In Whose Hands Professional Authority and Responsibility?
Teams of ROTC cadets compete at the water confidence course during Leader Development and Assessment Course training on Fort Lewis, WA.  (Photo: SPC Aaron Carpenter)  



COL Robert M. Mundell
US Army

The views expressed in the document are those of the author and do not necessarily reflect the official policy or position of the U.S. Army War College, the U.S. Department of the Army, the U.S. Department of Defense, or the U.S. Government.



The nature of conflict in the 21st century requires leaders that are multifaceted, agile, and adaptive. In particular, Army leaders at all levels must be capable of executing decentralized operations for extended periods with little direct oversight and they must possess the talent and skills to lead across the full spectrum of conflict.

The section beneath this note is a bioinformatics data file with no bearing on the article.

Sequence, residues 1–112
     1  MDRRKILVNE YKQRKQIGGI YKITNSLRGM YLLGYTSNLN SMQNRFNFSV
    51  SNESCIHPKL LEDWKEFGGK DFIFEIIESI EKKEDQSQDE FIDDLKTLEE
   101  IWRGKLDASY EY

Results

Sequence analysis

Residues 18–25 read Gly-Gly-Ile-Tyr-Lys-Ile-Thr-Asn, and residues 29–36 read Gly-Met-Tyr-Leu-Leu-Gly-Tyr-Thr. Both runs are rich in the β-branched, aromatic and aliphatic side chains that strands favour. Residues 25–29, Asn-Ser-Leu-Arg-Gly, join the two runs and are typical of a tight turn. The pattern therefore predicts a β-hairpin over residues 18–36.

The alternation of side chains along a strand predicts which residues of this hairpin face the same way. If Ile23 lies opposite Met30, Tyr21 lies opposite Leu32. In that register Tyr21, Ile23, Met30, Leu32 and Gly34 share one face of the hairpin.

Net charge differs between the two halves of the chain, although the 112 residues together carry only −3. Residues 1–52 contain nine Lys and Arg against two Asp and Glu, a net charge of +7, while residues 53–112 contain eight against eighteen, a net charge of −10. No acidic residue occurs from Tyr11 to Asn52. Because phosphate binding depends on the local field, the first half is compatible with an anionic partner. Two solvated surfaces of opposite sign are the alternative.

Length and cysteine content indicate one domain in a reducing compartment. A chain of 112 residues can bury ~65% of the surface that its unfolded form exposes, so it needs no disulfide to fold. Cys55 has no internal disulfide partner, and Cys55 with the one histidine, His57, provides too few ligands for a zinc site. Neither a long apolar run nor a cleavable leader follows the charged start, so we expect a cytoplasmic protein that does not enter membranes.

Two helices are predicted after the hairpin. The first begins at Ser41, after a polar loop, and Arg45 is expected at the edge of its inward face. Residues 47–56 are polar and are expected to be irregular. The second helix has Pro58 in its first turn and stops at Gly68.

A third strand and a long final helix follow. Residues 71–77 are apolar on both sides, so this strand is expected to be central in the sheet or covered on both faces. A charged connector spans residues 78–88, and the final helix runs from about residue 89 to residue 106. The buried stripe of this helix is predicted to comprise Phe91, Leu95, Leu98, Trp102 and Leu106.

This AY-09 USAWC Resident student author believes that given this situation the concept of 'empowerment' becomes a critical leader core competency. This in turn highlights a need for the Army to modify the officer education system, doctrine and re-examine certain aspects of its culture that currently constrain 'empowerment.' He provides recommendations for the Army to address these issues and assist senior leaders in better preparing subordinates for the challenges associated with leading Soldiers in the 21st century.

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This page last updated on 16 November 2010.

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